Described officially to science in 2000

• • •

#6 - Nonggang Babbler, Stachyris nonggangensis
photo by GrrlScientist

The Nonggang Babbler was discovered in Nonggang Natural Reserve in the Guangxi, China, the only location it is known to exist at this time, in February 2005. A specimen was taken the following year, and it was formally described as a species in 2008. It prefers running to flying, and seems to spend most of its time on the ground foraging for insects between rocks and under fallen leaves.

Described officially to science in 2008

• • •

#5 - Solomons Frogmouth, Rigidipenna inexpectata
photo by Brian R. Field

The Solomons Frogmouth, a.k.a. the Cinnamon Frogmouth or Solomon Islands Frogmouth, the only known member of the genus Rigidipenna, was first described in 1901, but not recognized as its own species until 2007. It is endemic to the islands of Isabel, Bougainville and Guadalcanal in the Solomon Islands. Despite their being other frogmouth species, Solomons, differs with only 8 tail feathers instead of the typical 10 or 12; it has coarser feathers, barred primary and tail feathers, as well as white spots and large speckles.

Described officially to science in 2007

• • •

#4 - Chestnut-eared Laughingthrush, Garrulax konkakinhensis
photo by Hanno

The Chestnut-eared Laughingthrush is a species of bird in the Leiothrichidae family found in tropical moist montane forests of Vietnam and perhaps Laos.  It is threatened due to habitat loss.

Described officially to science in 2001

• • •

#3 - Cambodian Tailorbird, Orthotomus chaktomuk

The Cambodian Tailorbird was discovered in Phnom Penh, the capital of Cambodia in 2009 during bird-flu checks. In 2013 it was formally described as a new species--it is endemic to Cambodia, and likely confined to a dense shrub forest in the Mekong River floodplain. This very small bird is just under 4" in length, and sports an orange-red crest.

Described officially to science in 2013

• • •

#2 - Sira Barbet, Capito fitzpatricki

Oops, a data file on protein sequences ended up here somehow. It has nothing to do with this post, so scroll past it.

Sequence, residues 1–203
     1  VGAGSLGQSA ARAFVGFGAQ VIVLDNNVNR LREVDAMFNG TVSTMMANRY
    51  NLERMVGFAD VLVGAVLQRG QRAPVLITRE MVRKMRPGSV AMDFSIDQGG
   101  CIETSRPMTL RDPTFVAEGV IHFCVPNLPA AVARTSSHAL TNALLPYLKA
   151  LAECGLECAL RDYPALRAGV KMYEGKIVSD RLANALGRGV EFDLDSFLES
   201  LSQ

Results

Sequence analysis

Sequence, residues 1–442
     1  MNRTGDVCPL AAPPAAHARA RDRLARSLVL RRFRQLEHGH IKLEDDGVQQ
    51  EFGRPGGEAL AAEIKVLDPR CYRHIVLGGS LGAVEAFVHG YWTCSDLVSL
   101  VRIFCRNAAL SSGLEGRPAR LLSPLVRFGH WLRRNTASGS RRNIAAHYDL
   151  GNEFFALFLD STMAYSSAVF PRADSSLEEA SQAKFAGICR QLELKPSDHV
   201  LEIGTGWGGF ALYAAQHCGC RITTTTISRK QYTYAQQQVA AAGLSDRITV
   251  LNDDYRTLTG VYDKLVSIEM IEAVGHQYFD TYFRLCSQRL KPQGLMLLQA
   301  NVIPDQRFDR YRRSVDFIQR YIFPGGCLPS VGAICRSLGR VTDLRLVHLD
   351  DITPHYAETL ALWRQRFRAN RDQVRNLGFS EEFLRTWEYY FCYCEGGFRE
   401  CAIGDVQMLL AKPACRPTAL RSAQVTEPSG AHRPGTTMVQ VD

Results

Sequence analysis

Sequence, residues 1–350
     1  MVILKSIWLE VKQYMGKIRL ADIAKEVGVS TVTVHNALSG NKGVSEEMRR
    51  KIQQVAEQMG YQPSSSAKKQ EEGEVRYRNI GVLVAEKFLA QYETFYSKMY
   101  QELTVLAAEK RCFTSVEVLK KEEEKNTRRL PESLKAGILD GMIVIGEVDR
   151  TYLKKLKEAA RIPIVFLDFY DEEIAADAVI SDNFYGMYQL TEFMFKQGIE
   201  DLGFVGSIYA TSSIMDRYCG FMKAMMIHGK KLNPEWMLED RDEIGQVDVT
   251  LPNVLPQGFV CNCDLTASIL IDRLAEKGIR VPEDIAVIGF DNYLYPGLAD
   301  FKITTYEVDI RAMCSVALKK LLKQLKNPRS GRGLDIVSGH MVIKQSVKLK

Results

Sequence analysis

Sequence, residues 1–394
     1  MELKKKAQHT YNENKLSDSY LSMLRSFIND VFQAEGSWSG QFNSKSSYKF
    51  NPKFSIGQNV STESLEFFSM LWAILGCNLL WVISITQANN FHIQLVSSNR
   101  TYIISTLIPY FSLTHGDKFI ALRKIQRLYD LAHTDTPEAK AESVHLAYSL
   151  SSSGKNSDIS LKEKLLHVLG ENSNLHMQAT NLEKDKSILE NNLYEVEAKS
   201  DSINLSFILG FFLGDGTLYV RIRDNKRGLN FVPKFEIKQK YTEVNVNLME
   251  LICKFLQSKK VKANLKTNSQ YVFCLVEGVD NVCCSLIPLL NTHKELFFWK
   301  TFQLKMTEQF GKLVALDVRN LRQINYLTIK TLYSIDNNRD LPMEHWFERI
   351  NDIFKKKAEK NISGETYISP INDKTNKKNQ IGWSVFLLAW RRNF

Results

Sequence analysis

The Sira Barbet is found in the eastern Andes in the Ucayali Department, Peru, and was discovered in 2008. It is genetically isolated due to the geography of its home range along a ridge of montane cloud forest in the Cerros del Sira. DNA sequencing was also used to confirm the Sira Barbet's status as a distinct species
Its scientific name comes from John W. Fitzpatrick, director of the Cornell Lab of Ornithology.

Described officially to science in 2012

• • •

#1 - Bald Parrot, Pyrilia aurantiocephala
photo by Arthur Grosset

The monotypic Bald Parrot or Orange-headed Parrot is a species of parrot in the family Psittacidae, endemic to the east-central Amazon of Brazil.  It is found in tropical moist lowland forests and is considered near threatened due to the widespread deforestation of the Amazon. When discovered, it was initially believed to be a juvenile of the Vulturine Parrot due to the orange color of its bald head as opposed to the black of the Vulturine. However, the individuals discovered were sexually mature, and therefore were described as a new species. In reality, juveniles of both species have feathered, greenish heads quite unlike those of the adults.

Described officially to science in 2002

Are there any species of birds you recently learned about that you never knew existed?  Share your findings in the comments section below!

All species information extracted from Wikipedia.com